Nestled among gated communities, golf courses and country clubs, the school felt like an oasis of opportunity in a county of haves and have-nots, where nearly half of all children live in poverty while others live in multimillion-dollar lakeside houses.

The school’s halls and classrooms are bright and airy, with high ceilings and oversize windows looking out across the lush landscape. There is even a terrace on which students can work on warm days. After a guide pointed out several science labs, the tour paused at the “piano lab.” The room holds 25 pianos, 10 of them donated by residents of the nearby exclusive communities. The guide also noted that starting in elementary school, all students take Spanish, art and music classes. The high school, which enrolls less than 200 students, offers 17 Advanced Placement courses.

Lake Oconee’s amenities are virtually unheard of in rural Georgia; and because it is a public school, they are all available at the unbeatable price of free.

Conspicuously absent from the open house were African-American parents. Of the dozen or so prospective families in attendance, all were white except for one South Asian couple. At Lake Oconee Academy, 73 percent of students are white. Down the road at Greene County’s other public schools, 12 percent of students are white and 68 percent are black; there isn’t a piano lab and there are far fewer AP courses.

Lake Oconee Academy is a charter school. Charters are public schools, ostensibly open to all. The idea behind charters was to loosen rules and regulations that might hinder innovation, allowing them to hire uncertified teachers for example. But dozens of charters have also used their greater flexibility to limit which kids make it through the schoolhouse doors — creating exclusive, disproportionately white schools.

They do this in a variety of ways: Some pick from preferred attendance zones. Some don’t offer school bus transportation. Others require expensive uniforms.

Lake Oconee Academy is one of 115 charters around the country at which the percentage of white students is at least 20 points higher than at any of the traditional public schools in the districts where they are located, according to an investigation by The Hechinger Report and the Investigative Fund, produced in collaboration with NBC News. The analysis used the most recent year of federal enrollment data, for the 2015-16 school year. The 20-percentage-point difference is often used to define schools as “racially identifiable.”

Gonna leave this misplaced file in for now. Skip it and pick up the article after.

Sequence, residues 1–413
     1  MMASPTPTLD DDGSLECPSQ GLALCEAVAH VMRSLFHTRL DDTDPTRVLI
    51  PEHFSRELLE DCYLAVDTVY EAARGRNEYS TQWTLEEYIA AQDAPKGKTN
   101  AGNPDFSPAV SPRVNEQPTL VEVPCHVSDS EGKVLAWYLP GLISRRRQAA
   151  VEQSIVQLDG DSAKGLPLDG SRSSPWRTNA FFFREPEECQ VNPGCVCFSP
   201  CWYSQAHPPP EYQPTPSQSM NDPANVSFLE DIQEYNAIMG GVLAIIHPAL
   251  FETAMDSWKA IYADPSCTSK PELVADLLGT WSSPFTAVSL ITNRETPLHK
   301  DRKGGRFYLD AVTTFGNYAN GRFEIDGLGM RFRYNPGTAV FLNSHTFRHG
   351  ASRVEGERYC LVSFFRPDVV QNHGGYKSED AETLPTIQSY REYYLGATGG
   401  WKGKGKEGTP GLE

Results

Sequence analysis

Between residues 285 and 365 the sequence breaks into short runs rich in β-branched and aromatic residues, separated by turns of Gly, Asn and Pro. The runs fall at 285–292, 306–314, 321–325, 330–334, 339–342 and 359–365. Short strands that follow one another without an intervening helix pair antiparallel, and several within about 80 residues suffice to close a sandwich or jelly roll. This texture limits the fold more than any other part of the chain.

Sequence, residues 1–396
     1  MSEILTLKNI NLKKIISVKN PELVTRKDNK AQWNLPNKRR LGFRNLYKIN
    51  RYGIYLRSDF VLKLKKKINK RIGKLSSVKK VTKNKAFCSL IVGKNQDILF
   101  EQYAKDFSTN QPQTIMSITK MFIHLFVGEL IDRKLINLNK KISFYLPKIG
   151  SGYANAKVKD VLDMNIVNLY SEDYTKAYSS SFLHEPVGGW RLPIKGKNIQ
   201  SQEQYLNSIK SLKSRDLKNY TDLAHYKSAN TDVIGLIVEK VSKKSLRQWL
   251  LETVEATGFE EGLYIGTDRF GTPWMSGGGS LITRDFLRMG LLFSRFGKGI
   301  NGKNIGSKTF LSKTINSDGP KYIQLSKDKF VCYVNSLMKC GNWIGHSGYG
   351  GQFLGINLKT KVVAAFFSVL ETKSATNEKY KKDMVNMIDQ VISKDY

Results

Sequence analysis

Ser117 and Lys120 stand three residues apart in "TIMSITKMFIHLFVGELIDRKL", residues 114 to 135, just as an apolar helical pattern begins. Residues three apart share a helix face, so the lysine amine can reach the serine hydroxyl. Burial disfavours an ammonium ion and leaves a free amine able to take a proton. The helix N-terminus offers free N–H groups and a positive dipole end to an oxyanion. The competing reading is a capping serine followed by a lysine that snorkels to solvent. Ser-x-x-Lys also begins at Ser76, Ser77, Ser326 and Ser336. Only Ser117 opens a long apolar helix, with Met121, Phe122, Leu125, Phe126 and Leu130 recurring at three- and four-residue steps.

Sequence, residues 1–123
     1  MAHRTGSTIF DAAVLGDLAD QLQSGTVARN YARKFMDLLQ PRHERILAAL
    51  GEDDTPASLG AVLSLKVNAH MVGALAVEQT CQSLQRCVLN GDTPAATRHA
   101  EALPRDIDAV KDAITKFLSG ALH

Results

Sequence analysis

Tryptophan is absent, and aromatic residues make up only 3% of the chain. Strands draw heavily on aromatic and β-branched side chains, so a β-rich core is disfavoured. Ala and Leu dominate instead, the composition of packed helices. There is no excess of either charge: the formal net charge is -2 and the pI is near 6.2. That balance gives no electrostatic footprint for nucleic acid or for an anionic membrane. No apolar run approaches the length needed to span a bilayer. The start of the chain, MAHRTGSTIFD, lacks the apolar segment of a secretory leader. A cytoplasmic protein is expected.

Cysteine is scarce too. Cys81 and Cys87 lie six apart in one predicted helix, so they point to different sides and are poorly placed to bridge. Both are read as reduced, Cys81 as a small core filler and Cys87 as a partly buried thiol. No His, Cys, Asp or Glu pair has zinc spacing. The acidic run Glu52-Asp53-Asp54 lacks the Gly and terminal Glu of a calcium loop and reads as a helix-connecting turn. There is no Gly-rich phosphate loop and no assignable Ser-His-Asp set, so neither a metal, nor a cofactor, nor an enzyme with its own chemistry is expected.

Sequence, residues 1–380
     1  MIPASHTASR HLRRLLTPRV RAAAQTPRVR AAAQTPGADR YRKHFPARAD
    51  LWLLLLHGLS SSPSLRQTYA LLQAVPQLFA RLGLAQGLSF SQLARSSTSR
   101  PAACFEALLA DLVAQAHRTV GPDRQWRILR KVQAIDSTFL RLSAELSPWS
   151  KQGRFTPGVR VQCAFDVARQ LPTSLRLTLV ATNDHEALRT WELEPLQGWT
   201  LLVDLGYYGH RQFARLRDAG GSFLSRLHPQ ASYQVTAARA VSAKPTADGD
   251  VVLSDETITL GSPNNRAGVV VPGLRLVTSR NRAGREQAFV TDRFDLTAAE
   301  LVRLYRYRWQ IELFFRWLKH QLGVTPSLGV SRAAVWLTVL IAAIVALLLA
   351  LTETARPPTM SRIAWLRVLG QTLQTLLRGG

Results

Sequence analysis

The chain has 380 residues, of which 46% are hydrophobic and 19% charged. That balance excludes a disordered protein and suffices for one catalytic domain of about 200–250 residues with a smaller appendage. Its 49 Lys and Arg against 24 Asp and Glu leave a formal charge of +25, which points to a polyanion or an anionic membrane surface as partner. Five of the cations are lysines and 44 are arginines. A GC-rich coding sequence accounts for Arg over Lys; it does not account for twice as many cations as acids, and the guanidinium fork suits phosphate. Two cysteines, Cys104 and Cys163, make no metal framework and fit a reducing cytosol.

These 115 charters, which together enrolled nearly 48,000 children, were concentrated in just a handful of states. In 2016, California had 33 racially identifiable white charters, Texas was home to 19 and Michigan, 14. At nearly 63 points, the gap between the percentages of white students at Lake Oconee Academy and at the whitest traditional public school in the area was the fourth-widest in the country.

In all, there are at least 747 public charter schools around the country that enroll a higher percentage of white students than any of the traditional public schools in the school districts where they are located.

Read the full report on and watch more on “NBC Nightly News”

Lieutenant Governor Casey Cagney, the Republican candidate for Governor, admitted in a secret recording that he pushed a very bad voucher bill to passage, because if he didn’t, the Walton family would give $3 Million to his opponent in the Republican primary.

What a creep. He sold out public schools and the children of Georgia for fear of Walton money going to his rival.


Maureen Downey reports that Georgia’s first virtual charter high school will close. It enrolls some 2,000 at-risk students.

What shallow thinkers (the nicest term that comes to mind) concluded that students who were struggling needed to sit in front of computers, rather than getting the time and attention of a trained professional? Were they trying to cut costs? Surely, the deciders did not have the well-being of the students in mind.